• Center for Children¬†& Youth Justice
    615 Second Ave.
    Suite 275
    Seattle, WA 98104
    Phone: 206.696.7503
    E-Mail: info@ccyj.org

CHILD WELFARE

  • Each year, more than 19,000 Washington children spend at least one day in foster care. At any given time, some 9,600 children live in out-of-home placement; of those, some 3,600 are cared for by relatives, while 6,000 are with unrelated caregivers. (Source: Children's Administration, Washington Department of Social and Health Services, 2006)
  • African-American children make up 4.2 percent of the general population in Washington, but 10.5 percent of children in foster care. (Source: Children's Administration, Washington Department of Social and Health Services, 2006)
  • Native American children make up 2 percent of the child population and 8.4 percent of children in foster care. (Source: National Indian Child Welfare Association and Kids Are Waiting, 2007)
  • In King County, African-American and Native American children are over-represented at nearly every decision point in the child welfare system. Although these two groups represent only 8% of the child population in King County, they account for one-third of all children removed from their homes, and one half of children in foster care for more than four years. (Source: King County Coalition on Racial Disproportionality, 2005)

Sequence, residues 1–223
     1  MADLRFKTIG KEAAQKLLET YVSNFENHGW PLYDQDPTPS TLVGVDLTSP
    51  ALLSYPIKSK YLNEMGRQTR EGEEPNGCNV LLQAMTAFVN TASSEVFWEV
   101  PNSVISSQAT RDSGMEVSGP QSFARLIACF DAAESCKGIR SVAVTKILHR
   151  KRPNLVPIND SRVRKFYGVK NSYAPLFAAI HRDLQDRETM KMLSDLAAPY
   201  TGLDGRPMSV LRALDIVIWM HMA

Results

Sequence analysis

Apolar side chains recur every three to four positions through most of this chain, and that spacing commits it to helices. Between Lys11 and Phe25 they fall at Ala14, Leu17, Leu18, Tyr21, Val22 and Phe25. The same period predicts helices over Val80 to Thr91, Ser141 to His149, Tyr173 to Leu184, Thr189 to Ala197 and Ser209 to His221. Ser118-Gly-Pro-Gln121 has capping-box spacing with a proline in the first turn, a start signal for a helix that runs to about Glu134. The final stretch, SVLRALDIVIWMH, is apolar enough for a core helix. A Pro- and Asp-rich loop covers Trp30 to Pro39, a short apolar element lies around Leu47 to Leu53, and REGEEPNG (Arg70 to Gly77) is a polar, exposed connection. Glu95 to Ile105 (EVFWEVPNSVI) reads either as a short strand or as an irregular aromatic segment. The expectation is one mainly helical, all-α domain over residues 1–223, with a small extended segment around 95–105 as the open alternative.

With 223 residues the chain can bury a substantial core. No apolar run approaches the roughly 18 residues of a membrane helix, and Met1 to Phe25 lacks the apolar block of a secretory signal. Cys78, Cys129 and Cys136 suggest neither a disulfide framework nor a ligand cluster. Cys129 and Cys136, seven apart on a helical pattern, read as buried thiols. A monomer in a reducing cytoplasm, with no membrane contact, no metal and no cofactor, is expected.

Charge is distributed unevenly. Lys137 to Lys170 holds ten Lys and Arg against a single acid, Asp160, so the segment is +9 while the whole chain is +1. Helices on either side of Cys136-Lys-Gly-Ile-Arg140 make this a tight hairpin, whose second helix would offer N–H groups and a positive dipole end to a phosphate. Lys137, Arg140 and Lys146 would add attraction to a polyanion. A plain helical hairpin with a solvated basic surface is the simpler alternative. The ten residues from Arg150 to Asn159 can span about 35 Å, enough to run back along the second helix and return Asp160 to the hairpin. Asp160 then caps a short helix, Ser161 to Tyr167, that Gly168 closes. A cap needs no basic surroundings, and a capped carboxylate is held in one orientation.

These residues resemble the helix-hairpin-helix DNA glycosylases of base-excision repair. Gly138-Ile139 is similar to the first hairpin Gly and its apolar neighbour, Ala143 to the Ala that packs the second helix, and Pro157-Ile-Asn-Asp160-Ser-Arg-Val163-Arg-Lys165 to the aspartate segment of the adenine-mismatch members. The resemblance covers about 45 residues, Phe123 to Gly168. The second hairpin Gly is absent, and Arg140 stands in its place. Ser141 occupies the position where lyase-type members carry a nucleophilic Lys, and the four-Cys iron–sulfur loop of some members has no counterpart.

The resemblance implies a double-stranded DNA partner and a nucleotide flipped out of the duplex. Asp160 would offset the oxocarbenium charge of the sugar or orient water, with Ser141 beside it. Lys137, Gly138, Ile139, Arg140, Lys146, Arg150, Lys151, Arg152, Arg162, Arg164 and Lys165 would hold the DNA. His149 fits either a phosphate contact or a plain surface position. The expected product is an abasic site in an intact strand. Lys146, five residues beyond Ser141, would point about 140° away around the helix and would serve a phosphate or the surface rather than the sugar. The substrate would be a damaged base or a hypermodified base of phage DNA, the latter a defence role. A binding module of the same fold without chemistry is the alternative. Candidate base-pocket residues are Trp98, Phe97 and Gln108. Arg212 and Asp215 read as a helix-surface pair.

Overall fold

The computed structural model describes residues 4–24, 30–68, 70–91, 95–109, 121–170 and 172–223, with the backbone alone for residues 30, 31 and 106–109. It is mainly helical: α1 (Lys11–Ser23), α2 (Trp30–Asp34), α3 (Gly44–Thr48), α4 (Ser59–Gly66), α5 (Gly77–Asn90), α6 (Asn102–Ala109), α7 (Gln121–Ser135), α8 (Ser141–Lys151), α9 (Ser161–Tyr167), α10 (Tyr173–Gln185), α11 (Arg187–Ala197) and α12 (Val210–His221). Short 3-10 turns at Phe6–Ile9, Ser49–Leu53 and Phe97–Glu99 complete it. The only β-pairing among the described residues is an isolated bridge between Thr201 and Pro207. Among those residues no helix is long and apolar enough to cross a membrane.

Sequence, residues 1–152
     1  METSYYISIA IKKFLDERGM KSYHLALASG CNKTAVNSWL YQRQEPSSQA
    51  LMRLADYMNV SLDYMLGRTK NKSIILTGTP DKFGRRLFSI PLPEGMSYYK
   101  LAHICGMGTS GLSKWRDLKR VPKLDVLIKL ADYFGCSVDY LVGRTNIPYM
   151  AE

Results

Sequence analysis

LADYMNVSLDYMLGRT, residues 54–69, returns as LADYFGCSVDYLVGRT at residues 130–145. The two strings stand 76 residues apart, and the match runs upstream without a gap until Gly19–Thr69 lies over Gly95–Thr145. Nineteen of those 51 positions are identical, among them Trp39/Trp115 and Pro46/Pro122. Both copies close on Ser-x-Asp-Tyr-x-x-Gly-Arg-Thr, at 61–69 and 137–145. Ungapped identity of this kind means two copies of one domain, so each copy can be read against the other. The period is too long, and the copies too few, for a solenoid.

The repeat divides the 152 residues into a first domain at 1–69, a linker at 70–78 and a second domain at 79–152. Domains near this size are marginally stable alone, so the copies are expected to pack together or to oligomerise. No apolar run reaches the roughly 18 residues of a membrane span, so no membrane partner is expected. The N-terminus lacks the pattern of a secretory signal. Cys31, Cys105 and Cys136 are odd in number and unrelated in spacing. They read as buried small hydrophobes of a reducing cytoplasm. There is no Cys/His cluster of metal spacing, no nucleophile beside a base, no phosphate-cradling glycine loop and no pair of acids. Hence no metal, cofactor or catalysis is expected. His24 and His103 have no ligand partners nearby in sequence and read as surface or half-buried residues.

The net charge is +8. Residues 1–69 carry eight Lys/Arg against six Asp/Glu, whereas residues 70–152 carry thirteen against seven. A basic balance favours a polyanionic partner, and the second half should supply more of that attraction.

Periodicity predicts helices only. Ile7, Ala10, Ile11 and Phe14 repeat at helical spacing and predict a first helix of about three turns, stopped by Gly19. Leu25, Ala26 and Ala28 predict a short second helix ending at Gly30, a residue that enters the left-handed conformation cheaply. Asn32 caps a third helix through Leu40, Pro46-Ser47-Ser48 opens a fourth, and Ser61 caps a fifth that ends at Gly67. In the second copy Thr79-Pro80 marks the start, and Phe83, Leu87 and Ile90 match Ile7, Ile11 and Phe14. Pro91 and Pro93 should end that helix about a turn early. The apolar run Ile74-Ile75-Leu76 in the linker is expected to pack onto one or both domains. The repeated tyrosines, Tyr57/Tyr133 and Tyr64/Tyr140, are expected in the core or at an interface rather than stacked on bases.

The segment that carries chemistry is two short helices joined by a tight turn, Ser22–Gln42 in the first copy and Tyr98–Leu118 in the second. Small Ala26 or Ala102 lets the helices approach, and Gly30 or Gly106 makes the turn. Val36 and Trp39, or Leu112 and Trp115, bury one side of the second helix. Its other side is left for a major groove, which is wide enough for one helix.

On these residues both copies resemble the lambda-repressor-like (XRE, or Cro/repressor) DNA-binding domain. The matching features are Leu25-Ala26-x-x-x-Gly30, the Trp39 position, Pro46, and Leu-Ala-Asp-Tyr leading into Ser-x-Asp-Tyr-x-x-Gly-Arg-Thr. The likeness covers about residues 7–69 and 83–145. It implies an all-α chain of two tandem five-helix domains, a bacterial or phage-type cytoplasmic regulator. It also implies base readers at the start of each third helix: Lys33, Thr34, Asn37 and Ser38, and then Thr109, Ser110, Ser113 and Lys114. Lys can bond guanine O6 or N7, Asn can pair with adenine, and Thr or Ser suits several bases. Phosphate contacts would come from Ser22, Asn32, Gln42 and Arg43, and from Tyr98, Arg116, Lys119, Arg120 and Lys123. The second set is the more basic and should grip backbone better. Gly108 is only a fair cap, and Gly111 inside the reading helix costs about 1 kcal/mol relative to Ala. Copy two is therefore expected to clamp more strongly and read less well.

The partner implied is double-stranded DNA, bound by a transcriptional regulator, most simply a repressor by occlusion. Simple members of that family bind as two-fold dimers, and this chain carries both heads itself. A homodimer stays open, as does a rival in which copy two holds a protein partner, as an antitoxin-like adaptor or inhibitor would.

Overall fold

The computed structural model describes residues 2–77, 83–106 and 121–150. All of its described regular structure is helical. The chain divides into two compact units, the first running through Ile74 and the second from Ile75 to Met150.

• In 2005, more than one-third of children in foster care had been there for longer than two years. This represents a decrease from 1997, when 44% of foster children had been in care more than two years. (Source: Children's Administration, Washington Department of Social and Health Services, 2005)
  • One in six children in foster care was moved to three or more homes within the first year. (Source: Children's Administration, Washington Department of Social and Health Services, 2005)
  • About 400 children a year "age out" of foster care, meaning they turn 18 years old without having been adopted or reunited with their birth families. (Source: Washington Education Foundation, 2006)
  • A study of foster care "alumni" from the Northwest found that the majority faced significant challenges in the areas of mental health, education, employment and finances. More than half of the 659 alumni studied had clinical levels of at least one mental health problem; one in four experienced post-traumatic stress disorder in the prior year; only 16% completed a vocational degree; more than one in five experienced homelessness; and one-third had no health insurance. (Source: "The Northwest Foster Care Alumni Study," Casey Family Programs, 2005)